Ridgewood has been part of Brooklyn, Queens, and both boroughs during
its history of shifting borders. Now solidly allied with Queens, the
neighborhood has some distinctive characteristics that set it apart.
For one thing, the predominance of high density brick apartment
buildings in every shade of pink, red, orange, and brown. If you need a
little breathing space, the Ridgewood Reservoir on the southern end of
the neighborhood has been reclaimed by nature and is inhabited by
various birds and other animals - and there are plans to develop it
into an outdoor recreation area.
L & M local train service is not the speediest commute to
Manhattan, but has protected the neighborhood from out-of-control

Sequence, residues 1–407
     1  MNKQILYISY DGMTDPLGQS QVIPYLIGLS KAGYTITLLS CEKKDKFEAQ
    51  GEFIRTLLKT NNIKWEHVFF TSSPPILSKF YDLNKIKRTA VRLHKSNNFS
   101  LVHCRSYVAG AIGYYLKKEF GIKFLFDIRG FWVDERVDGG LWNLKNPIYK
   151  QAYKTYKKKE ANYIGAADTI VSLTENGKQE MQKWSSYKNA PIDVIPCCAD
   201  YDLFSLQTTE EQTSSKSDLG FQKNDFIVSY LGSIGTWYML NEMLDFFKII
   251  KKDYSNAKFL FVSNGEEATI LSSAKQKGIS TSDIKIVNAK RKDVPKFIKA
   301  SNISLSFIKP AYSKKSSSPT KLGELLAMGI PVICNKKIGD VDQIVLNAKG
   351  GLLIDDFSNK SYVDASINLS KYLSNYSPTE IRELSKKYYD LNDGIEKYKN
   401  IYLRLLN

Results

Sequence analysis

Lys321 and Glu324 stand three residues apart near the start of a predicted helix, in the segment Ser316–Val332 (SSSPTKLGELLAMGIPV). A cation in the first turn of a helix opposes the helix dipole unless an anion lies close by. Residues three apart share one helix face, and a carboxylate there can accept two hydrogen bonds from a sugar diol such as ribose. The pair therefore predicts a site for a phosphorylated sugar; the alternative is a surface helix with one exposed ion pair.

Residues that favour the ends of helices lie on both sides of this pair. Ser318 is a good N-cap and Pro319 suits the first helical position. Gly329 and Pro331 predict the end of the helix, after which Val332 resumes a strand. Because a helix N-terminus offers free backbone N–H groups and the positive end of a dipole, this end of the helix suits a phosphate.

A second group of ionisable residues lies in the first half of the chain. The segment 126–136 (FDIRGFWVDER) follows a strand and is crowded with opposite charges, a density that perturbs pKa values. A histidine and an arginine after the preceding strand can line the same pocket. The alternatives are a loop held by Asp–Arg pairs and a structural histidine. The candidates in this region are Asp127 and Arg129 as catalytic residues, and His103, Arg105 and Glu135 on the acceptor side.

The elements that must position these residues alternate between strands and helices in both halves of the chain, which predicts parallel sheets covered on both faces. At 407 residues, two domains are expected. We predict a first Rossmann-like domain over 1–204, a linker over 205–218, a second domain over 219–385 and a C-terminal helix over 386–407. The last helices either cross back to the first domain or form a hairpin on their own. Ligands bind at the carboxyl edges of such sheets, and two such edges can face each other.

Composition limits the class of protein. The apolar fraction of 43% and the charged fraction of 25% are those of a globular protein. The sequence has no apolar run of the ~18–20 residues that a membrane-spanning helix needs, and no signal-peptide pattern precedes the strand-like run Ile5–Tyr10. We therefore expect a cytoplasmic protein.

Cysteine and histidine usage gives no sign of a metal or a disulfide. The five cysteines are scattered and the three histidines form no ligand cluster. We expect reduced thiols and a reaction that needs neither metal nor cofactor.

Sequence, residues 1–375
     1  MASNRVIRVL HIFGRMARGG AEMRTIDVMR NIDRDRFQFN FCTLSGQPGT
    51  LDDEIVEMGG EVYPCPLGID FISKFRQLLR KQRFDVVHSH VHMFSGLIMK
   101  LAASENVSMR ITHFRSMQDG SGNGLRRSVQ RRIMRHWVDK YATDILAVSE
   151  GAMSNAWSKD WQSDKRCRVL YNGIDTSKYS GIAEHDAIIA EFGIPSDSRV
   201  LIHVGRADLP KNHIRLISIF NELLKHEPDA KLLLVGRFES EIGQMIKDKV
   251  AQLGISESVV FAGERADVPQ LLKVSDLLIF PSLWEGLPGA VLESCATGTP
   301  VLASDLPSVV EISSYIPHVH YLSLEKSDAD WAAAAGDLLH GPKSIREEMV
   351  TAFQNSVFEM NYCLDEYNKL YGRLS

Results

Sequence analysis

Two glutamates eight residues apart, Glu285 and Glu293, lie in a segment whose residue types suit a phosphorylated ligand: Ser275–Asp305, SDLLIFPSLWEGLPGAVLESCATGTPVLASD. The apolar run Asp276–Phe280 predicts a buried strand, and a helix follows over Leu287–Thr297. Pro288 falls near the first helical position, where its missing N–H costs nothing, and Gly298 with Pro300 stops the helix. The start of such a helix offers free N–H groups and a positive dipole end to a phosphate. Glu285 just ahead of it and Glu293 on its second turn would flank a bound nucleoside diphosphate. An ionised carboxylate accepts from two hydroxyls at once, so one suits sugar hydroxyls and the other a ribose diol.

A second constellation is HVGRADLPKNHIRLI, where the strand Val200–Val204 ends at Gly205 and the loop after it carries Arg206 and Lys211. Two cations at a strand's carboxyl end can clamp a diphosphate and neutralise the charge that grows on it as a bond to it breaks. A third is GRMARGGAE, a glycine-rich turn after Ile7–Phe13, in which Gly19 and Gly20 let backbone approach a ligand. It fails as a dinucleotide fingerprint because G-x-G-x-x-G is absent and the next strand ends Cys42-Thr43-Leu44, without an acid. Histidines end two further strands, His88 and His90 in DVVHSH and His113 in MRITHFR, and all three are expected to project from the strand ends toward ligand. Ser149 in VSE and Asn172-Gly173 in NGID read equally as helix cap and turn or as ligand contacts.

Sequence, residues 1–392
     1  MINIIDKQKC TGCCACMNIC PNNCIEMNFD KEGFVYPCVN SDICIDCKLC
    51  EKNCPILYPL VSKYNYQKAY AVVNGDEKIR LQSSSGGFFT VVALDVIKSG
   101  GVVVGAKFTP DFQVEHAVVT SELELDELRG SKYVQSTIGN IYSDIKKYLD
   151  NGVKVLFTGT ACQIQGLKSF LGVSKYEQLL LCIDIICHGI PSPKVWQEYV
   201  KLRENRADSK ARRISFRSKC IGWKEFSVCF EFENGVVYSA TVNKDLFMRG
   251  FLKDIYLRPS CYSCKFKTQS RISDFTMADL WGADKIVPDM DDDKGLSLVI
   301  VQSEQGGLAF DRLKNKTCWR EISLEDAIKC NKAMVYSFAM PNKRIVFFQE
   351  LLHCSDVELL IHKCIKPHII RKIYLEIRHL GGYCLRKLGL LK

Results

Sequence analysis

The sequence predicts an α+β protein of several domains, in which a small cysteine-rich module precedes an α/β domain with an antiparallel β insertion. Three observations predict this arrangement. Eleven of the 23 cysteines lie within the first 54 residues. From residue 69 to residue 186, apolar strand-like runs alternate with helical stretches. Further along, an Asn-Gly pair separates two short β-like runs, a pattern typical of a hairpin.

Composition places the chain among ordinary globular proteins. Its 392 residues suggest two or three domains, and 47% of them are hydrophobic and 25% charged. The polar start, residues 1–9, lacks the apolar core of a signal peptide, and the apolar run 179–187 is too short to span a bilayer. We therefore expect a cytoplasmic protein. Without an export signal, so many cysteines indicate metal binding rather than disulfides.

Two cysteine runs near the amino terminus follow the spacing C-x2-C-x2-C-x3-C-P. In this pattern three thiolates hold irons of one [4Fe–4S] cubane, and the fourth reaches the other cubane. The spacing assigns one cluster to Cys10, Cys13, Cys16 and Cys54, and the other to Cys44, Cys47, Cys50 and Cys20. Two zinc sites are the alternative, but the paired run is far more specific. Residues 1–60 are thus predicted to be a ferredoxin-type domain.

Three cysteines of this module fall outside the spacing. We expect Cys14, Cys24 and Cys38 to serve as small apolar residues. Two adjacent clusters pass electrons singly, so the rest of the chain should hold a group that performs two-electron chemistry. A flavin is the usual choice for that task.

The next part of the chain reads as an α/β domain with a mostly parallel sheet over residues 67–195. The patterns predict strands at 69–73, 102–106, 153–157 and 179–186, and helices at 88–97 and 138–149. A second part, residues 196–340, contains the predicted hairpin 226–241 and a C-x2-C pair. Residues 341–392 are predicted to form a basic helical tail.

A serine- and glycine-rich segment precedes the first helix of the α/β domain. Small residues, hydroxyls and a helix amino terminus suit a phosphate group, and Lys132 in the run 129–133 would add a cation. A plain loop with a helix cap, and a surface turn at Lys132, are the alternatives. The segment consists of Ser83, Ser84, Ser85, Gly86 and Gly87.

development that's happening everywhere else. In fact, Ridgewood's
buildings have changed very little in the last century. Today the area
is mostly populated by Eastern and Western European immigrants, but
young artists and professionals are spilling over from Bushwick into
the southwestern part of the neighborhood.
Not surprisingly, most of the residential real estate listings are
for single apartments or entire apartment buildings.